In the world of big data where content is king, the key is knowing what to measure with content marketing…
The best approach I have found is simply tying back to your organization’s objectives. What are your content marketing KPIs and what business goals are you trying to accomplish? This will be a two-part blog…part one will specifically look at establishing the right metrics. The second half will explore the best tools available for measuring the effectiveness of your content marketing.
I would venture to say that over 80% of marketers would say lead generation and sales. That said, it’s disturbing to note that in its 2016 B2B content marketing research, the Content Marketing Institute found that only 30% of marketers say their organizations are effective at content marketing.
In addition, 55% of business-to-business (B2B) marketers said that it is unclear within their organization what an effective or successful content marketing program looks like. And yet, according to Curata, 76% said they were increasing their content marketing budgets in 2016.
Let’s first define success, so we can properly define metrics
Success needs to be aligned with something quantifiable. Here are some examples of possible metrics aligned with goals…establish a baseline first and create your quantifiable goals from there.
Every organization defines success differently. For some, it’s the number of subscribers, for others it’s quality leads and others think in terms of incremental revenue. I think Vishal Khanna, director of digital marketing for Wake Forest Innovations hits the nail on the head with his approach.
“I started doing this one simple thing where I’d go to work every morning and I’d say, “How am I going to drive revenue today?” It was a real simple statement, but that ended up driving my choice of those 85 hats to wear within the next four hours of that morning. It was extremely helpful. We’re a small group as well, so thinking that way helps use that limited amount of time and resources.”
I personally think it comes down to focus, testing, execution, learning, repeat. This puts you in a constant state of improvement and productivity.
Let’s explore content marketing metrics in the context of lead generation and sales enablement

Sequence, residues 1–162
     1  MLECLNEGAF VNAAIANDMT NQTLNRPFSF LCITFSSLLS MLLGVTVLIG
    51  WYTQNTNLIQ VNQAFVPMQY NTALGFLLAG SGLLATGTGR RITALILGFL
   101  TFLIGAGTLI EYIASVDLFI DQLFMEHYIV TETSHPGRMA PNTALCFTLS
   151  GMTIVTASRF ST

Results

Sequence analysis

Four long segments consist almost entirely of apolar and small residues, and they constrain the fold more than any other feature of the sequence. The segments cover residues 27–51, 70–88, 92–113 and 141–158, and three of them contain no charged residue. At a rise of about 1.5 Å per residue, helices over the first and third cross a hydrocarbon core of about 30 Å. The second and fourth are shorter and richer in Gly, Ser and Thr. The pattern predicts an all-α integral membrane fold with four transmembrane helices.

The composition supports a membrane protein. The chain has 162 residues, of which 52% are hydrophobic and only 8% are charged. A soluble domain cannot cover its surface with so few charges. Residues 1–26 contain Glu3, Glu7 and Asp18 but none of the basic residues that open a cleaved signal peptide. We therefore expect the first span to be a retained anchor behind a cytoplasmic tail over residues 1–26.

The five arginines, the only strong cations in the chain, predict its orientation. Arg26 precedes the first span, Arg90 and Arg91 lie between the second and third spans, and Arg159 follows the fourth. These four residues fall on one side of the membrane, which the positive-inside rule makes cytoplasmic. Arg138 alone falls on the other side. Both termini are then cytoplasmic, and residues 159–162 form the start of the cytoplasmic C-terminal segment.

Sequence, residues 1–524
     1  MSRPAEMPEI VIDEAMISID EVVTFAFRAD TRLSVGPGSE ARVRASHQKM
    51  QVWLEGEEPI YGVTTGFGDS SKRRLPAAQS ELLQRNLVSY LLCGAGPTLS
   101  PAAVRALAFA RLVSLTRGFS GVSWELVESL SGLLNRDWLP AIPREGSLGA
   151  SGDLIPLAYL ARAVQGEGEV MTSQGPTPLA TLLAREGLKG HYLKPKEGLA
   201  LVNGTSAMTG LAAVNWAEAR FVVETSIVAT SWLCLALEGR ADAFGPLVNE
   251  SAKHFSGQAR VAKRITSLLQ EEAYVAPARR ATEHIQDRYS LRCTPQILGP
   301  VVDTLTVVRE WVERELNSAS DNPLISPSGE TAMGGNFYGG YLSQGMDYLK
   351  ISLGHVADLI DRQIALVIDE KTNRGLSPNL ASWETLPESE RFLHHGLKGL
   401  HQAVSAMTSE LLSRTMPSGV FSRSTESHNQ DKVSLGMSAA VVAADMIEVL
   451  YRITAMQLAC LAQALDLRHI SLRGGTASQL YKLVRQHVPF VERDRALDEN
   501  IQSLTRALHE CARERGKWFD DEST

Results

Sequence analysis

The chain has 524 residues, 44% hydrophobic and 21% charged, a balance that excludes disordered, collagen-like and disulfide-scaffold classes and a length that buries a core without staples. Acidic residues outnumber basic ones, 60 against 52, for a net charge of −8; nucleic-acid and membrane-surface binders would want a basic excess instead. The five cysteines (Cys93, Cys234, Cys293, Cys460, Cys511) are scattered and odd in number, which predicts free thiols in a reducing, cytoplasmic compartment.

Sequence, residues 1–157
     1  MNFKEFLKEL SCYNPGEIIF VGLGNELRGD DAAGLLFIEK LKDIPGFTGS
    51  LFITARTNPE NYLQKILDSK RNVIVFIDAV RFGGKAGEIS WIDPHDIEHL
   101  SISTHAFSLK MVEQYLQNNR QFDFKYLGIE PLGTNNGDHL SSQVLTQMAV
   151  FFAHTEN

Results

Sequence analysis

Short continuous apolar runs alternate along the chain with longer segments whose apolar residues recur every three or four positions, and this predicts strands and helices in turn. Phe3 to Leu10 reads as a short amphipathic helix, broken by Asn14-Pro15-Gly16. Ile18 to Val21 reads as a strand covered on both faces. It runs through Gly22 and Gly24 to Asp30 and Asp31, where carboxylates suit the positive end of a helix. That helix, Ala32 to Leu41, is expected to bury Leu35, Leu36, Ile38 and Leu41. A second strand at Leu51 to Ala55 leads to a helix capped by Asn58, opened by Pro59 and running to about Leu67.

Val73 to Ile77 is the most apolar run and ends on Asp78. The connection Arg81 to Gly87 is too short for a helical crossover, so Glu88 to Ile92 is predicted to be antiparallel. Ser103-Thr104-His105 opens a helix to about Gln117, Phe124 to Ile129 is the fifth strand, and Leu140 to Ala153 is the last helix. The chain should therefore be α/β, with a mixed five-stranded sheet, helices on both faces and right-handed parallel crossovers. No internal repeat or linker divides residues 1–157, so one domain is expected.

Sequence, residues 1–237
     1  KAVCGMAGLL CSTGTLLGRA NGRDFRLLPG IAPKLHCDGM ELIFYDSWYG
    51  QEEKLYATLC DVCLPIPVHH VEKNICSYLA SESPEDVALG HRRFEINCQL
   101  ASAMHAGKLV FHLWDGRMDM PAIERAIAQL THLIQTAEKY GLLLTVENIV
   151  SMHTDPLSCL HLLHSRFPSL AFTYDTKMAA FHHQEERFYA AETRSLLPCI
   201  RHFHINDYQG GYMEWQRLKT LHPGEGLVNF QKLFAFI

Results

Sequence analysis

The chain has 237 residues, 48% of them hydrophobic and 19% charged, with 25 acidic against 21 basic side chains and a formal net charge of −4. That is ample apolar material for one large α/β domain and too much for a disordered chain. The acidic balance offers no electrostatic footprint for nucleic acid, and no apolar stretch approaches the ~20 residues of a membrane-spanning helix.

Lead Generation Metrics
How is content supporting demand generation in terms of lead generation and lead nurturing? The goal is to make your content marketing program a true driver of revenue. To achieve this you need to identify what behavior you want your prospect to take after consuming your content. In other words, you need a strong and relevant call to action to get them to take the next step.
- Consumption Metrics: How many people are consuming your content and how frequently. Which types of content are pulling the best numbers and what channels are performing? Are they new visitors or repeat ones.
- Click-throughs: Every piece of content must include a clear call to action. It should be clear and compelling, and measuring the click-through rates on those links is critical to understanding how your content is generating and converting leads.
- Conversions: Once you have the clicks, conversion takes center stage. Compare how many of those leads are qualified and can be converted into clients. Have well thought out criteria for rating the highest quality leads and their specific characteristics.
Sale Enablement Metrics
Sales enablement and lead generation go hand in hand when it comes to content marketing metrics. It is absolutely imperative to use content as a vital part of the sales process. You should set up metrics around how your content is actually affecting sales enablement.
- Sales conversion rate: Ideally, you’ll find that sending content to leads builds trust and credibility by directly addressing their objections, pain points, and questions. The end result should be a higher conversion rate.
- Sales cycle: If your content is performing, it should help your team accelerate the length of your average sales cycle. Track to see if leads consuming your various types of content are closing at a higher rate.
- Contract size: Compare the contract size of clients who were nurtured with content against the contract size of clients who weren’t.
- Average value per customer: You can best measure this by looking at the incremental lift in value that can be attributed to content marketing campaigns.
Each of the above metrics can and should be measured across several content channels, such as websites, blogs, video or social media.
Smart content marketers recognize that their decisions need to be data-driven. That said, there are a number of excellent measurement tools you can use. The key once again is knowing what you want to measure. Part 2 of this blog will look at the top measurement tools and advice from the experts.
What has your experience been in finding the metrics to evaluate your content market’s impact on lead generation and sales? Please share in the comments sections and thanks for reading…
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